Articles written for the website of Time Magazine but NOT published!

Foreign Correspondent
by Martin Lewis
(Written October 11, 2000)

Being a Foreign Correspondent in the 21st century (even just an occasional one) is not quite the easy pastime it appears in countless films noir. A sophisticated fop (think Cary Grant) tossing off a plethora of bon mots for an uneducated and grateful public back home. These days the international audience is far better informed on American topics - and frequently expresses greater curiosity about US politics than the domestic public.

Worse still - it is not so easy to baffle the British radio and TV hosts with whom one converses. They have an annoying habit of asking seemingly naive questions which in fact underscore the absurdities of the American political landscape.

In that respect they fulfill the same function as the little boy who has the temerity to point out the paucity of the Emperor's New Wardrobe. Or - to use another analogy - they sound that incredulous note of the interlocutors on Bob Newhart's famous comedic monologues - such as the man conversing with Sir Walter Raleigh on the discovery of tobacco. ("Don't tell me Walt... You roll it up, stick it in your mouth and set fire to it!!!!")

As a Brit in America I am frequently prevailed upon to explain the current election to British radio and TV audiences. And the incredulity of the hosts who quiz me do give one a perspective on issues that we have been bludgeoned by repetition into accepting as quite normal.

Trying to explain the conventional wisdom on the debates and the current poll swings has stretched my powers of eloquence to the very limit.

I try to explain that the presidential election is evenly matched between Gore and Bush. But the wretched hosts back in London insist on posing difficult questions - which quite frankly insult the intelligence of the approximately 50% of the American electorate who are plumping for George Bush.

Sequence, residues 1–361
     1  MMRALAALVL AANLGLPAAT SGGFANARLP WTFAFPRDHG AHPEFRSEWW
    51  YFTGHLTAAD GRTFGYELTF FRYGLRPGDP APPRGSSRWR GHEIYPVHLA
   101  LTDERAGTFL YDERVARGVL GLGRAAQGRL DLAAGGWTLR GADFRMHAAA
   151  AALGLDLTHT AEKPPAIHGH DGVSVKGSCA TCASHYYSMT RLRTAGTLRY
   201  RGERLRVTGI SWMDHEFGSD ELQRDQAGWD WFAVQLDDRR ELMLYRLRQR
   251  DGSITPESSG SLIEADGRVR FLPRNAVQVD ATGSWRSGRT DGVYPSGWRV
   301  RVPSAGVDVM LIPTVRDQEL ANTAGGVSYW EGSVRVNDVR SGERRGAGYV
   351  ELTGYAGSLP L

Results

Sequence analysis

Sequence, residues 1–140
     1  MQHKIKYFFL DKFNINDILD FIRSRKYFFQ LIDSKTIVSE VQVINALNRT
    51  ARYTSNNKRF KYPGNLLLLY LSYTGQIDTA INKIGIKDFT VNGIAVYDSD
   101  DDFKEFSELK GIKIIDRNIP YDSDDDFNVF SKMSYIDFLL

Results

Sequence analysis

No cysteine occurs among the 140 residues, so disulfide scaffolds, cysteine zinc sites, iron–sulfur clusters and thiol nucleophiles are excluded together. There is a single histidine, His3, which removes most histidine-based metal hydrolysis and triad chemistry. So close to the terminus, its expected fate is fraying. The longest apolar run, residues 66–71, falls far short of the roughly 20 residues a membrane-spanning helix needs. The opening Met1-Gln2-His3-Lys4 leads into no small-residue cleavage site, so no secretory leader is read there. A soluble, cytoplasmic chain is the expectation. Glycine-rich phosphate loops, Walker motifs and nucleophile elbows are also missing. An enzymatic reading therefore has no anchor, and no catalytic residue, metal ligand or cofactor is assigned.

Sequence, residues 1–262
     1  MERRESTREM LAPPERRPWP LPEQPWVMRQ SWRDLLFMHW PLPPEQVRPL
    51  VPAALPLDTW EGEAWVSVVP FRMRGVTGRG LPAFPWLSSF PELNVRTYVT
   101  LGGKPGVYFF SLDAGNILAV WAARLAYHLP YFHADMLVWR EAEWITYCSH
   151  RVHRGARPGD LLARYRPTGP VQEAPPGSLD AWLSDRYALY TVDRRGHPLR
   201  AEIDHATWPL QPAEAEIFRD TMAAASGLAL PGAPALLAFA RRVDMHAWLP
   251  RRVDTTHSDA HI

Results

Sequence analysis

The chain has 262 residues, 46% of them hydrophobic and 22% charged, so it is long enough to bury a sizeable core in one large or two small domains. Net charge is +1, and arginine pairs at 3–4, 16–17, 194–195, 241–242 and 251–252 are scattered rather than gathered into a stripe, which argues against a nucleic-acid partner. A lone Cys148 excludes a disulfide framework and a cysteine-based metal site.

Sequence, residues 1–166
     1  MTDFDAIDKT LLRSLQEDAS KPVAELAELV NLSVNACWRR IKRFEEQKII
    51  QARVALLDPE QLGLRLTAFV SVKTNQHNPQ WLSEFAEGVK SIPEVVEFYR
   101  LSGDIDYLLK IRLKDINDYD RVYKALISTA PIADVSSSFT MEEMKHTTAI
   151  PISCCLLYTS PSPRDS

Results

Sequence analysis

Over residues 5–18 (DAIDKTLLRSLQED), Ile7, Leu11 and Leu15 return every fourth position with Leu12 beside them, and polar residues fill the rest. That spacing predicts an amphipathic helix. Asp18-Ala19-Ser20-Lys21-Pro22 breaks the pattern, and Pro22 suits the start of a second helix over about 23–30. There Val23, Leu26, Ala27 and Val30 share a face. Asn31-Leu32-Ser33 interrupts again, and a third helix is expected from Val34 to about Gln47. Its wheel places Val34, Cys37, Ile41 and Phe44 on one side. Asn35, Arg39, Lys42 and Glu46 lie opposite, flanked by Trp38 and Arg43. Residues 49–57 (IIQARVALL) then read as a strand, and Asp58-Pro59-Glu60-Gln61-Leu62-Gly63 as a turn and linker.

They cannot understand how it can be that the American economy is at its strongest point ever - with some of the boom presumably accruing to the government of the past 8 years of whom Al Gore has been a prominent member - and yet half the voters are contemplating making a radical change of direction. (The British are accustomed to punishing failure not success.)

I recount that the prevailing opinion of the punditry (of both persuasions) is that Gore is clearly the smarter of the two candidates - but that he has been punished in the polls in the last week for SIGHING too much in a debate and for mild exaggerations of anecdotes illustrating his platform (not for distortions of his actual platform.)

I then relate that the punditry is fairly unanimous in conceding that Bush is less skilled in politics, debating skills, knowledge of foreign issues, oral skills ("he's a man I know in Mexico") but is self-deprecatory about his weaknesses.

I explain that they're missing the point... The presidency is about likability not competence.

For the British - this is the final confusion. The British nation endured a decade of Margaret Thatcher - a thoroughly dislikable shrew even to her supporters - precisely because she at least gave the appearance of competence. She was NOT elected and re-elected because of her charm - but because it was deemed that she knew what she was doing.

If she acted like a politician - well jolly good. That's precisely the sort of person one expects to be applying for the position of running a country.

According to those Brits - Gore being a "smartypants" (the most recent sobriquet with which the V.P. has been collectively dubbed by pundits) would appear to be something of an asset not a liability for the complex task of the Presidency.

Ohh those foolish Brits. They just don't understand...

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